Euro-Area Factories Fret About Euro as Economic Growth CoolsBy
GDP rose 0.4 percent in first quarter, down from 0.7% pace
Manufacturers say stronger currency is weighing on demand
Euro-area economic growth slowed in the first quarter, posing a challenge for the European Central Bank as it contemplates paring back monetary stimulus measures.
The 0.4 percent expansion was the weakest in six quarters and followed a reading of 0.7 percent at the end of 2017. While temporary factors such as bad weather played a part, another report showed manufacturing continued to cool this quarter and some firms are concerned about the stronger euro.
Lingering economic weakness could increase caution among policy makers. ECB President Mario Draghi has acknowledged the moderation this year, though hasn’t expressed any deep concerns just yet. The European Commission may take a similar view when it updates its economic forecasts on Thursday. European Union Economic Affairs Commissioner Pierre Moscovici said last week that momentum remains “strong, solid, robust.”
The numbers are “still consistent with quite good economic growth,” said Marco Valli, chief euro-area economist at UniCredit Bank in Milan. “The downward adjustment suggests a moderation in growth, but not the beginning of a downturn.”
What Our Economists Say“More than anything else it’s strong growth that has emboldened the European Central Bank to taper asset purchases. The data should lead policymakers to tread carefully.”
--Jamie Murray and David Powell, Bloomberg Economics
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One concern is the risk of a major trade war, with the International Monetary Fund warning it could undermine global growth. EU finance chiefs sounded the alarm on Saturday after the U.S. signaled it will reject the bloc’s demand for an unconditional waiver from metals-import tariffs.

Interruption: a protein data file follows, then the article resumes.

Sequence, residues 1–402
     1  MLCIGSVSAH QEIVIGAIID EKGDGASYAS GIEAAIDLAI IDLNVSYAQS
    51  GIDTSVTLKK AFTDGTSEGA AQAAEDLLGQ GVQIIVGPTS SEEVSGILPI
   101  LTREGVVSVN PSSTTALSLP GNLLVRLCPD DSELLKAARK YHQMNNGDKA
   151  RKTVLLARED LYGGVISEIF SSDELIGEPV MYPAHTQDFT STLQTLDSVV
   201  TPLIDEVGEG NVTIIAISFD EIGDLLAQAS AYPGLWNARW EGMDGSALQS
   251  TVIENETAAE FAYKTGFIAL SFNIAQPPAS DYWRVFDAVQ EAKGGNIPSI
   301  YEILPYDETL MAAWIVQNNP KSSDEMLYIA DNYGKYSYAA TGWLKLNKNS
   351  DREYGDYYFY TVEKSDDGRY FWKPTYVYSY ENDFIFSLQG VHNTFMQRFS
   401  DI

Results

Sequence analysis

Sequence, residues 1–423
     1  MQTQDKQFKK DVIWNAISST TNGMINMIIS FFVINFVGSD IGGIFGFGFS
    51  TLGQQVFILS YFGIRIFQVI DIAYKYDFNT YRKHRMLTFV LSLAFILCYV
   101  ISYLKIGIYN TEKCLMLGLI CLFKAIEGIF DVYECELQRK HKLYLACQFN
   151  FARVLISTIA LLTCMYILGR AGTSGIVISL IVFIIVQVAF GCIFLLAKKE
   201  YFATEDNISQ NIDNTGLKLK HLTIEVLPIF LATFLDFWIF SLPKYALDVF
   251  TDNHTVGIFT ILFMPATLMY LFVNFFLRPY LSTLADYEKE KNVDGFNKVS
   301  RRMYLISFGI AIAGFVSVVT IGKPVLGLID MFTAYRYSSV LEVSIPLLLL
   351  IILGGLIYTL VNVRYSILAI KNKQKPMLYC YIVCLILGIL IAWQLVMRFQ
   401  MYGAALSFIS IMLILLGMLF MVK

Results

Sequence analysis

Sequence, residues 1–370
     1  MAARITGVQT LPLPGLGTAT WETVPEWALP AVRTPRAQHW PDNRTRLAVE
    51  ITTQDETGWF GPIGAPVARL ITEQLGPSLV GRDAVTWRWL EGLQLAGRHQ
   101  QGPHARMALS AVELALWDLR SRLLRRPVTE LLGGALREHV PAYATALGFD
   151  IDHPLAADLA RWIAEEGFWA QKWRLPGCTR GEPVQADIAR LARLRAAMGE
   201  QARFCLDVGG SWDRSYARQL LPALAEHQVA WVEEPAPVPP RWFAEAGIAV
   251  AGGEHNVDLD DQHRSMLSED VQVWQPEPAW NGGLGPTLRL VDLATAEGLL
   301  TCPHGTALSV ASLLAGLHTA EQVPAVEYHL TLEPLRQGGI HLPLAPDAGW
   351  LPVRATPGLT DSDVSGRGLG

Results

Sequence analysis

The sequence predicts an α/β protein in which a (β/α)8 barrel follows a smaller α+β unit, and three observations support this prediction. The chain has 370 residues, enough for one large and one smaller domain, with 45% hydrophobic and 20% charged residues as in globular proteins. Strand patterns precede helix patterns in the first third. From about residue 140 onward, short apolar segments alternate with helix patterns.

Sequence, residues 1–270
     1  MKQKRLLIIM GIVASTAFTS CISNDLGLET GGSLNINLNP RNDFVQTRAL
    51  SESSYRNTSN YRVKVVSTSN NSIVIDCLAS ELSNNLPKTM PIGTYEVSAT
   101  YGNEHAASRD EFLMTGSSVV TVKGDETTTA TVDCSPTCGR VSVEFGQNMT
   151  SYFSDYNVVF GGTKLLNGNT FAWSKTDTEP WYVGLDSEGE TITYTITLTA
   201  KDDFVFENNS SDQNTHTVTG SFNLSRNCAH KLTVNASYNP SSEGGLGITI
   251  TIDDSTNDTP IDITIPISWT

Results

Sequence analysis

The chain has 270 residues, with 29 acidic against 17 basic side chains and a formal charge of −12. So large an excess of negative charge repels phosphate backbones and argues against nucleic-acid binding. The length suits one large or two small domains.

The factory report from IHS Markit showed that export growth softened in April. Some companies blamed the single currency, up 10 percent against the dollar in the past year.
German manufacturer Osram AG issued a profit warning late last month, citing difficult market conditions and foreign-exchange headwinds. L’Oreal SA also noted unfavorable exchange rates after a drop in reported revenue for the first quarter.
The euro area’s year-on-year pace of GDP growth was 2.5 percent in the first quarter, marking the first slowdown in eight quarters. Still, the 2.8 percent level reached at the end of 2017 was the strongest in years.
In its report, Markit noted that the factory index was at its highest in more than 20 years at the end of 2017, a level that wasn’t sustainable in the long term.
“Let’s not lose sight of the fact that the overall pace of expansion remains encouragingly solid,” said Chris Williamson, chief business economist at Markit. “The trend in the surveys in coming months will provide important clues as to the degree to which underlying demand may be waning and the extent to which policymakers should be concerned.”
— With assistance by Andre Tartar, Kristian Siedenburg, and Carolynn Look